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Wednesday, 5 December 1973
Page: 2453

The PRESIDENT - Is leave granted?

Senator Withers - How short?

The PRESIDENT - How short? Is that what you are asking, Senator Withers?

Senator MCAULIFFE - A little over 5 foot 3 inches. Well, a silly question deserves a silly answer, and I do not mean that with disrespect to you, Mr President.

The PRESIDENT - I am merely defending the Senate, because sometimes honourable senators ask leave to make a short statement and it is not short.

Senator MCAULIFFE - But I thought that you would know me from experience, Mr President.

The PRESIDENT -Is leave granted? There being no objection, leave is granted.

Senator MCAULIFFE - Honourable senators will recall that on 28 November I tabled the 147th report which relates to expenditure from the Advance to the Treasurer for the financial year 1972-73. The 148th report which I am tabling today relates to expenditure from the Consolidated Revenue Fund for that year and covers the remaining items included in the Committee's annual examination of the expenditure results of departments.

In examining expenditure from the Consolidated Revenue Fund each year, the Committee seeks to ascertain whether or not the principles relating to the formulation of estimates have been adopted by the department under examination. These principles, which are included in Treasury direction 16/9, have also been set out in chapter 1 of the 148th report. In recent years, the Committee has paid particular attention to the estimates and related expenditure of departments. As a poor standard of estimating has wide ramifications, the Committee has concerned itself not only with excess expenditures charged to the Advance to the Treasurer, but also with the over-provision of funds. The Committee has made clear that such overprovisions are undesirable, misleading and perhaps unfair to other departments whose financial needs might not have been satisfied.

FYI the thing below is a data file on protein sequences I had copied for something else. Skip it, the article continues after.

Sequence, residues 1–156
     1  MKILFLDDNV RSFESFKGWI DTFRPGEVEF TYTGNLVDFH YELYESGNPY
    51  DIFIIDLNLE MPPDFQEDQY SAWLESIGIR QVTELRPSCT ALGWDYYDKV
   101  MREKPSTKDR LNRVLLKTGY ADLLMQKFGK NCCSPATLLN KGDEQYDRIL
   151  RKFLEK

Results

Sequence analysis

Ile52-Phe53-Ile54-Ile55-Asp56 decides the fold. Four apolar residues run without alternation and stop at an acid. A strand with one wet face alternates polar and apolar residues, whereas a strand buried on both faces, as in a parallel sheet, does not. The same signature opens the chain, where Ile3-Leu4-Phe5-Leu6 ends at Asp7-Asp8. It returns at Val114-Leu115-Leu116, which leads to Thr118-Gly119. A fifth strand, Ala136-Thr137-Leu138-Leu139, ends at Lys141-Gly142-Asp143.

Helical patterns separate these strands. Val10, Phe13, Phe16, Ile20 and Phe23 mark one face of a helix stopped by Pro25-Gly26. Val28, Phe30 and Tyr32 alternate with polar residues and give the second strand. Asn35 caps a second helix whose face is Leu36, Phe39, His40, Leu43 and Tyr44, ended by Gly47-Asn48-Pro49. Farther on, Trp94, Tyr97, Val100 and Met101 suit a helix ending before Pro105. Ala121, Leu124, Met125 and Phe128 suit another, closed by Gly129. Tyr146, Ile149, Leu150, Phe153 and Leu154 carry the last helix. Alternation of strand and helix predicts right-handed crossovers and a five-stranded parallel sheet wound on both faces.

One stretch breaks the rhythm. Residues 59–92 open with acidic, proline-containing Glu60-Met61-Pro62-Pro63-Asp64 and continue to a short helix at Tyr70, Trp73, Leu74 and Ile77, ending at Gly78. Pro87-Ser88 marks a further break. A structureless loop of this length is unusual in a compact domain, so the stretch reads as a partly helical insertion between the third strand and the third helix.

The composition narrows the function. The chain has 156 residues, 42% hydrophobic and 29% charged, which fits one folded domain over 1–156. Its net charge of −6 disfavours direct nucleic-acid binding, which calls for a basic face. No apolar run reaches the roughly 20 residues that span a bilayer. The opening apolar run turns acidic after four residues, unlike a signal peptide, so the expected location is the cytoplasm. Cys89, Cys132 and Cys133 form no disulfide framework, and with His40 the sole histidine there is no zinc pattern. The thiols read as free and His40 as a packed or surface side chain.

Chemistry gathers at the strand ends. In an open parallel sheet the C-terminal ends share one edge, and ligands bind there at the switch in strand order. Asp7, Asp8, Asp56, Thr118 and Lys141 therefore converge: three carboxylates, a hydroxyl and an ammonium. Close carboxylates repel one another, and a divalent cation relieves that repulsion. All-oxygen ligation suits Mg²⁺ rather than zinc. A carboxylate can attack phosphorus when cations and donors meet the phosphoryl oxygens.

At the same time, the Committee has emphasised that it does not regard the total expenditure of available funds under a particular appropriation item as an objective to be sought without regard to other important considerations. Indeed, undue emphasis on the need to match expenditure and available funds can give rise to unnecessary and uneconomic expenditure and can result in the distortion of administrative practices. In this regard, the Committee has, on previous occasions, criticised departments that have accelerated payments in order to prevent an appropriation from lapsing.

As this and previous reports relating to expenditure from the Consolidated Revenue Fund show, there are explanations for expenditure variations from the estimates which are acceptable to the Committee. In this report, however, the Committee has also found it necessary to refer to cases of unsatisfactory estimating, inadequate administrative performances that have resulted in shortfalls in expenditure and inaccurate and inadequate submissions to the Committee. Attention has been drawn to these inadequacies where they have arisen. I commend the report to honourable senators.

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